Bituminous coals are a brighter black in colour, break into more blocky fragments, and mostly have the property of swelling or “coking” when heated. These are the coals normally used for gas making. Their occurrence is restricted to the west coast of the South Island. Mining problems include the descent of coal off the 2,000 ft Millerton-Stockton-Denniston plateau north-west of Westport, and the structural contortions of seams, and therefore of mine workings, in the Garvey Creek (Reefton) coalfield. At Grey-mouth, large mines have worked in the Runanga, Blackball, Dobson, Rewanui (e.g., Liverpool) and Nine Mile (e.g., Strongman) districts. Some coal at Roa has the highest swelling properties in New Zealand, and possibly in the world. The West Coast's bituminous coal reserves appear ample on paper, but adequate drilling is impossible in this difficult terrain, and the opening of mines is therefore more hazardous than elsewhere. In addition, many seams, especially in Buller, have too high a sulphur content (2–10 per cent) to find a ready market.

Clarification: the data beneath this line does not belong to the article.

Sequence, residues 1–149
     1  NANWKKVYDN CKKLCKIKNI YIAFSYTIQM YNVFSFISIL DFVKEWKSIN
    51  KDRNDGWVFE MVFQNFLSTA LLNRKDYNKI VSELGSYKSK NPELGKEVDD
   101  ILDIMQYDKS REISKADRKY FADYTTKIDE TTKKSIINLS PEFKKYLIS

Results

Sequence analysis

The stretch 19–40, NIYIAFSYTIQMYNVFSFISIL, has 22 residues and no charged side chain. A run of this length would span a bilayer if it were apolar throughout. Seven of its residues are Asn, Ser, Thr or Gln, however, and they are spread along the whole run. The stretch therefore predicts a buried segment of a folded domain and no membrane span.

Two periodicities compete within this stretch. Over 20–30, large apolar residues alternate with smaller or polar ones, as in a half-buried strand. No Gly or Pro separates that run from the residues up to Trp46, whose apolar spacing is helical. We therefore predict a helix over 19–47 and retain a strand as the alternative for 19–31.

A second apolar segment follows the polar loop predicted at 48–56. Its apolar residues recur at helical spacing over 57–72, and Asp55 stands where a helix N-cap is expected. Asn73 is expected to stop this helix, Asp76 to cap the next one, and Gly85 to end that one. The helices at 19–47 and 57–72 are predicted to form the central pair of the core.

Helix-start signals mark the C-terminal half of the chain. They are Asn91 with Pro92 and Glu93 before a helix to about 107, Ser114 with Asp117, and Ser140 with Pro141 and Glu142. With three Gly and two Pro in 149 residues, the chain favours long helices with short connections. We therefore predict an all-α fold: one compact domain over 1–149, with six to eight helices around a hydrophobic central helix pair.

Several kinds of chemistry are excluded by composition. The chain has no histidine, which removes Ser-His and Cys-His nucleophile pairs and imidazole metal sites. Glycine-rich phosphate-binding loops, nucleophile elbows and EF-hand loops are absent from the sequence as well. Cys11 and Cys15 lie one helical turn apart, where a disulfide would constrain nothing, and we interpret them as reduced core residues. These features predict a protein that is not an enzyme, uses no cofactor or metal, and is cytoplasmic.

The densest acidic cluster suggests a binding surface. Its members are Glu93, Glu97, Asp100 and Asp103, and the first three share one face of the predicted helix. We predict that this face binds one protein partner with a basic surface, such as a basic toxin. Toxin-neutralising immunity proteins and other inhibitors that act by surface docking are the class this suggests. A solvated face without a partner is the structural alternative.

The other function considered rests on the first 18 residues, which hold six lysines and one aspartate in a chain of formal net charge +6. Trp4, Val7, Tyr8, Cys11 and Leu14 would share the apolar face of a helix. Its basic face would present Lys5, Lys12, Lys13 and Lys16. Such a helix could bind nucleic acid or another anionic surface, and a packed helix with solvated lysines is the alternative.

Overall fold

Anthracites, which have lost most of their water and gas by natural processes, are steel-black, are composed predominantly of carbon, and have the greatest heating power of all. They are found in the inaccessible Fox River area of the West Coast, and have been mined in Canterbury where a lignite has been altered very locally by a volcanic intrusion.